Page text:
Oct 06, 2022  
2021-2022 Undergraduate/Graduate Catalog 
    
2021-2022 Undergraduate/Graduate Catalog [ARCHIVED CATALOG]

Cardinal Core Curriculum Learning Outcomes


Human Communities 

Individual Expression

Natural World

Quantitative Reasoning

U.S. Identities

World Cultures

Human Communities 

Courses in this area promote a critical self-awareness of individuals’ roles and responsibilities within communities by examining how people interact with each other and in groups. 

Knowledge - Either Foreign Language or Social Sciences

Foreign Language 

  1. Demonstrate a basic proficiency in the understanding and use of a non-English language. 
  2. Knowledge of the distinctive features of communities associated with the language they are studying. 

Social Sciences 

  1. Demonstrate understanding of the methods social scientists use to  explore phenomena. 
  2. Knowledge of major concepts, models and issues of at least one discipline in the social sciences. 

Skill - Either Communication, Critical Thinking, Discovery and Inquiry, or Quantitative Reasoning 

Communication 

  1. Express and exchange ideas clearly, concisely, and accurately in a variety of contexts and formats and for many audiences involving diverse people and viewpoints. 
  2. Demonstrate competence in oral and written communication. 
  3. Actively listen, critically analyze, and evaluate the oral communication of others, and demonstrate respect for the words and ideas of others through civil discourse.

Critical Thinking 

  1. Interpret visual images, artifacts and data according to appropriate disciplinary  methods, and formulate a critical judgment on  the value or significance of the relevant subject matter that demonstrates general  understanding. 
  2. Analyze the structure of an argument, artistic  composition, or interpretation and its context,  including: a. identify the elements/evidence of an  argument, artistic composition,  interpretation or problem; b. identify assumptions and the various  perspectives of an argument, artistic  composition, or interpretation; and c. identify the reasoning that leads to a  conclusion, interpretation, decision, or  solution.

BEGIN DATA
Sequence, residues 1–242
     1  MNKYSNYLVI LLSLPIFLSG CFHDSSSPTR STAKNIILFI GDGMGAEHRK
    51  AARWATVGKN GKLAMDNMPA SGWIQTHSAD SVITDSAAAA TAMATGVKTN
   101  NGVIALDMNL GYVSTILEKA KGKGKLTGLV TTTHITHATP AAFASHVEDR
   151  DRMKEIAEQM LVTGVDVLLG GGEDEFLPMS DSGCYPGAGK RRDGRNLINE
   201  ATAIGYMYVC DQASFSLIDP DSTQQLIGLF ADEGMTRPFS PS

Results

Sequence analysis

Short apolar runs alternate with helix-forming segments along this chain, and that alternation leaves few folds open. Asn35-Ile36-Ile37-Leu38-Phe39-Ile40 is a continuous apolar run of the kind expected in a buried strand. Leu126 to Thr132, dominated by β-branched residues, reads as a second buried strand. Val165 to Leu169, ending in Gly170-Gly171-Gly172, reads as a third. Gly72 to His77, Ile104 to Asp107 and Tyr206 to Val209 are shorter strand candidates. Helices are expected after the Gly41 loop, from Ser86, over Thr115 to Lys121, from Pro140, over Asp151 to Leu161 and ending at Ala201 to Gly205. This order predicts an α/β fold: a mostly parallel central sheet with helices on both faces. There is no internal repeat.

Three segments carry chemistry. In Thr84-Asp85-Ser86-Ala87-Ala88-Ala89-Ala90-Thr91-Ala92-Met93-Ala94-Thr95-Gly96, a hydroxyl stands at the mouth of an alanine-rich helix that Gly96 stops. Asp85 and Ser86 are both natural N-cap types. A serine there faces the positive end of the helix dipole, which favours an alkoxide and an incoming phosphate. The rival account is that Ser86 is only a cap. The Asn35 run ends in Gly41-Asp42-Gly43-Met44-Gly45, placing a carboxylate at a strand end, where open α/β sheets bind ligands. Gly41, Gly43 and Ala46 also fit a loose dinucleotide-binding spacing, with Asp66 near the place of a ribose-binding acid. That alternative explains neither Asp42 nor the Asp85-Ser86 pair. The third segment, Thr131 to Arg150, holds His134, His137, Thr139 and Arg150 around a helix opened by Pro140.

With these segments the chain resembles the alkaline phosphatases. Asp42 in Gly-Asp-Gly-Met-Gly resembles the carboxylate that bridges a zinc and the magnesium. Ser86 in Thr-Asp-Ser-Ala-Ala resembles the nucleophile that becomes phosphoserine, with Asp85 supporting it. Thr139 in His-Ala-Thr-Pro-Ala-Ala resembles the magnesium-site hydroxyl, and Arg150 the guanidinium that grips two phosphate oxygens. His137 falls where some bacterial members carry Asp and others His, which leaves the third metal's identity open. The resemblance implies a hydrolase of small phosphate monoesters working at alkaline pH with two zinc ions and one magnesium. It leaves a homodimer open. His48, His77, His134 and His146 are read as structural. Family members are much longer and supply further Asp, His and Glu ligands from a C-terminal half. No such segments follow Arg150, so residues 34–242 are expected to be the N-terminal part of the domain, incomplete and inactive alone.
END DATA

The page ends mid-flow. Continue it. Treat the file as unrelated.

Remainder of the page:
3. Evaluate and critique one’s own and others’  assumptions, evidence, inferences,  conclusions and theories, and the contexts in  which these are encountered. Draw implications from this critique and acquire  knowledge that can be used to solve other problems, make appropriate decisions,  formulate new arguments or interpretations. 

Discovery and Inquiry 

  1. Identify and evaluate diverse forms of  information to support an original thesis.
  2. Observe, analyze, and draw conclusions regarding phenomena using scientific reasoning and methods. 

Quantitative Reasoning 

  1. Identify and apply appropriate quantitative  methods to solve practical problems. 
  2. Summarize and interpret quantitative data.
  3. Explain quantitative analyses using  appropriate language (numerical and/or  verbal) and using appropriate graphical representations (charts, graphs, etc.).
  4. Evaluate the relative capacity of quantitative analysis to answer important questions. 

Perspective - Social Justice and Responsibility 

  1. Be prepared to engage with diverse groups of people while recognizing cultural and individual differences in interaction.
  2. Explain historical influences on identity development, interpersonal relationships, and the dynamics of prejudice, discrimination, and oppression.
  3. Reflect on how power, positionality, privilege and other socio-structural factors affect their lives and the lives of those in their community. 

Individual Expression

Courses in this area encourage students to reflect on their roles within a diverse society through exploration of the multiple ways we reason, engage with, document, and creatively represent or express the range of human experience.

Knowledge - Choose either Arts SLO or Humanities SLO

Arts

Demonstrate understanding of at least one principal form of artistic expression and the creative process inherent therein.

Humanities

Demonstrate knowledge of the conventions and methods of at least one of the Humanities.

Skill - Assigned Critical Thinking SLOs

Critical Thinking

  1. Interpret visual images, artifacts and data according to appropriate disciplinary methods, and formulate a critical judgment on the value or significance of the relevant subject matter that demonstrates general understanding.
  2. Analyze the structure of an argument, artistic composition, or interpretation and its context, including:
  • identify the elements/evidence of an argument, artistic composition, interpretation or problem;
  • identify assumptions and the various perspectives of an argument, artistic composition, or interpretation; and
  • identify the reasoning that leads to a conclusion, interpretation, decision, or solution.